The highlight of the production is the finesse in which the idea of freedom for different women is portrayed onscreen, including small details that only a woman can capture the essence of.
One of the woman invited, Amanda Souza, is responsible for one of these tender moments, when she's shown taking off her bra, a silly habit that means so much for women: "I decided to get naked to show, metaphorically, that now I'm free to show my body," Souza shared. "I'm the younger fat representative, and I felt like I had to do it."
Souza said she wouldn't have felt that comfortable if men were working on the production: "The initial idea was to take off my bra, but I ended up getting fully naked. It was a moment of sorority, an amazing energy. Maybe a man wouldn't have the sensibility to make a video like this."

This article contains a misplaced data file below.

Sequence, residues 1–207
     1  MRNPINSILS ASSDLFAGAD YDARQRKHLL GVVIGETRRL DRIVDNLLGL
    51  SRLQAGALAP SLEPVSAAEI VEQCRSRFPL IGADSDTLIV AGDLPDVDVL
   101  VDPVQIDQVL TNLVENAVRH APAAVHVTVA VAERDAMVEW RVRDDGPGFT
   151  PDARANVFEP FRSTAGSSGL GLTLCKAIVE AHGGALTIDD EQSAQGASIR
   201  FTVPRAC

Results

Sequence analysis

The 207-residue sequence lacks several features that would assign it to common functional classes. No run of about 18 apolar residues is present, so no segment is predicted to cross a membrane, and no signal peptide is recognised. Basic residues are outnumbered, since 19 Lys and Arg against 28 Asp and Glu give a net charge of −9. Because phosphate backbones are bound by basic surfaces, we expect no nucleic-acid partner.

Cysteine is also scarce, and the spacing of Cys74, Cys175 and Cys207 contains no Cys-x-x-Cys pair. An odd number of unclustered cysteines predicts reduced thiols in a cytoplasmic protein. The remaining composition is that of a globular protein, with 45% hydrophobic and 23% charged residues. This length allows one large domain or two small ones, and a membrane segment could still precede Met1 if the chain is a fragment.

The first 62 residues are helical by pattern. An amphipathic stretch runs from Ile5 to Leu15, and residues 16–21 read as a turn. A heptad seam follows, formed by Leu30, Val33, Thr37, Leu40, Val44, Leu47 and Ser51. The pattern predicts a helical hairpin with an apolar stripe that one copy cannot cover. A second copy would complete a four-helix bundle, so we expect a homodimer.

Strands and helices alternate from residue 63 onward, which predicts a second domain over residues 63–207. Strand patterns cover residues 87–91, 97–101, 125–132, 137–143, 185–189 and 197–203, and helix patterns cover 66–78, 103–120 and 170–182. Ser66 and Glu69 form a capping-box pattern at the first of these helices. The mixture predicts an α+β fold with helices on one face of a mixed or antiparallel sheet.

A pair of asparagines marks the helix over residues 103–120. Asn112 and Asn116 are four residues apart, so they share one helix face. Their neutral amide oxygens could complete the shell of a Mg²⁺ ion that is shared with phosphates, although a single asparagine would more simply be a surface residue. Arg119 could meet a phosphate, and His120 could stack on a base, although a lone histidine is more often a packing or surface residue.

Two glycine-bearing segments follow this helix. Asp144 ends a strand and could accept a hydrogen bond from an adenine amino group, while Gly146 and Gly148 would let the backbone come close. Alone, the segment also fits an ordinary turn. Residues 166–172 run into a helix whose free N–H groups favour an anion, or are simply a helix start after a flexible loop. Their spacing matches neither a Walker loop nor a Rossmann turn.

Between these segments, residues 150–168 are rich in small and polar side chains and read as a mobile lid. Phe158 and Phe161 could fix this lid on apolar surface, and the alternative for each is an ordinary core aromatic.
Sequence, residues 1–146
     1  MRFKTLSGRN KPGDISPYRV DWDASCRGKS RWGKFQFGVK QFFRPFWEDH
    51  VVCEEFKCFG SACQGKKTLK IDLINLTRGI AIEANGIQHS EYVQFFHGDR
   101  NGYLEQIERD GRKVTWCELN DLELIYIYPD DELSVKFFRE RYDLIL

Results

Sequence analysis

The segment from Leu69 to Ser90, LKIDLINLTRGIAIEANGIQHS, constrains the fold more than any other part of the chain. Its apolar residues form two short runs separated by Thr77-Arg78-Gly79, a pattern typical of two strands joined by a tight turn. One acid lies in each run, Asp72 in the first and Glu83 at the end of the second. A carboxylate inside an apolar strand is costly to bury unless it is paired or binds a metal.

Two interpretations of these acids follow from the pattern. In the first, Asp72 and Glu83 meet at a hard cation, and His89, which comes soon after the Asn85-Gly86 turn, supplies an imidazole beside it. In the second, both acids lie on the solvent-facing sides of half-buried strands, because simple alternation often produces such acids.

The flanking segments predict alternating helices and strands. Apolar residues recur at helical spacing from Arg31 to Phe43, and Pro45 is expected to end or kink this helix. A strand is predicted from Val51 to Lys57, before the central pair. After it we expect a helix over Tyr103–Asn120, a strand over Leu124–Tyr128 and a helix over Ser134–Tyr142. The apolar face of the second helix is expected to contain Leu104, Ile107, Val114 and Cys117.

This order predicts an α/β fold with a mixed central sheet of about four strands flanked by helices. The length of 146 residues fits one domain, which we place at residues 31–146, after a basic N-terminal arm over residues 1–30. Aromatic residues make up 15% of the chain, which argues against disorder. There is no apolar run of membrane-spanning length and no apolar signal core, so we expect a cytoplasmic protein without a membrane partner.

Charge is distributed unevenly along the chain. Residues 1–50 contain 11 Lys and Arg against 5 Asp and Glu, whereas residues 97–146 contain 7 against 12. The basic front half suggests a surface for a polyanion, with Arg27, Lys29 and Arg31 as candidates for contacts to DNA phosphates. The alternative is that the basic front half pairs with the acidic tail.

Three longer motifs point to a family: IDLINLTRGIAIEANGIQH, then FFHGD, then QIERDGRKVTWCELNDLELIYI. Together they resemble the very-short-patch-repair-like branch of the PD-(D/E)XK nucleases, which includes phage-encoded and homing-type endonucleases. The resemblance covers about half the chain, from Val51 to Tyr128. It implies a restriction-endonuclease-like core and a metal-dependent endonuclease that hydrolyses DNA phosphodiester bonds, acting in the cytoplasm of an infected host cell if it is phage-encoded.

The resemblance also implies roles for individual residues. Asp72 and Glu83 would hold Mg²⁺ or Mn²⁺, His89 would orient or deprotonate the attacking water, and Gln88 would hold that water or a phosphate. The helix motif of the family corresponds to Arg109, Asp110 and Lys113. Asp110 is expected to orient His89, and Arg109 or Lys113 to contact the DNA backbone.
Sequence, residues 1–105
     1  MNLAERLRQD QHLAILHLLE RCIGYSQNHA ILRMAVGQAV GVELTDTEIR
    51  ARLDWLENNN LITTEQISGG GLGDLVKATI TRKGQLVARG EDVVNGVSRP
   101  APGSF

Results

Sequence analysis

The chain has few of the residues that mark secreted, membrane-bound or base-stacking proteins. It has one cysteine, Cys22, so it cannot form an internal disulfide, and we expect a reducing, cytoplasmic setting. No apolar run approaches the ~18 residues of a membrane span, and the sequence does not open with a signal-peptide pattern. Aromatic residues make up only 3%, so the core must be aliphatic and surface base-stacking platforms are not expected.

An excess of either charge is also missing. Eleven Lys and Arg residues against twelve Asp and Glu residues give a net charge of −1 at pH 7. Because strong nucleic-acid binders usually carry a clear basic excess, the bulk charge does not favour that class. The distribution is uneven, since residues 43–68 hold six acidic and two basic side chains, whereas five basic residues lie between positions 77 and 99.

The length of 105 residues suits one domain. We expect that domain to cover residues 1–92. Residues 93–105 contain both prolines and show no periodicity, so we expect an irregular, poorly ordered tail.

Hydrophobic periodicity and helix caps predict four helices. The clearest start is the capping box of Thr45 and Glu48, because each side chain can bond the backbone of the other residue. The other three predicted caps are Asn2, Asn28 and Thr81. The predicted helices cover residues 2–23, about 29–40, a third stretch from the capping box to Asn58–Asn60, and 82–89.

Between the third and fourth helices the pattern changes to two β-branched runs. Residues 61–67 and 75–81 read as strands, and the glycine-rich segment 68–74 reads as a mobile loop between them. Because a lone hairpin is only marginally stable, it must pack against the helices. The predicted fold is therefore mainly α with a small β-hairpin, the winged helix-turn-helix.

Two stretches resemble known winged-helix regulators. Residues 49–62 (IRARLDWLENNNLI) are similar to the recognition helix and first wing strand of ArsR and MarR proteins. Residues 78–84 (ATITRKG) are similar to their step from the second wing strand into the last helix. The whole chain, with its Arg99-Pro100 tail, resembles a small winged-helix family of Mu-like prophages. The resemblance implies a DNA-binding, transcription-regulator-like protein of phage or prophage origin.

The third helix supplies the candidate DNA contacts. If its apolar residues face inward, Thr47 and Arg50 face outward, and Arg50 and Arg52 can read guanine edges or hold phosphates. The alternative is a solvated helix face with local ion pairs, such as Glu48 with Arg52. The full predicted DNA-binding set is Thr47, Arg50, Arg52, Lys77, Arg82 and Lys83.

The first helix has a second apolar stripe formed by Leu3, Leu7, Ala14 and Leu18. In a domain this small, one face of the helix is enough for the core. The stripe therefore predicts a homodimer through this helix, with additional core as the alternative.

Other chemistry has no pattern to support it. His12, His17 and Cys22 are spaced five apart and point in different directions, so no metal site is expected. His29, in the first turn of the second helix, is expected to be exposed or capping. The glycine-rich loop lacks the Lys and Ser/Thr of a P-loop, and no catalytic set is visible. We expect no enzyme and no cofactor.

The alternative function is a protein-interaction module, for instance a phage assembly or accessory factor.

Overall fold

Blubell believes that exposing the issue of gender equality is important to start a conversation on the matter. "I'm not an artist who thinks that everyone should be an activist," she said. "I think art doesn't have this duty, but it's good when it brings up questions. It doesn't have to give you an answer, but start a conversation. I'm afraid to impose an opinion. But gender equality is latent now. It's time to exchange experiences, get together, find out what we have to get rid of and what we should hold on to."
The song "Liberdade x Segurança" is from her 2016 album, Confissões de Camarim.
Watch Blubell's video for "Liberdade x Segurança" here:
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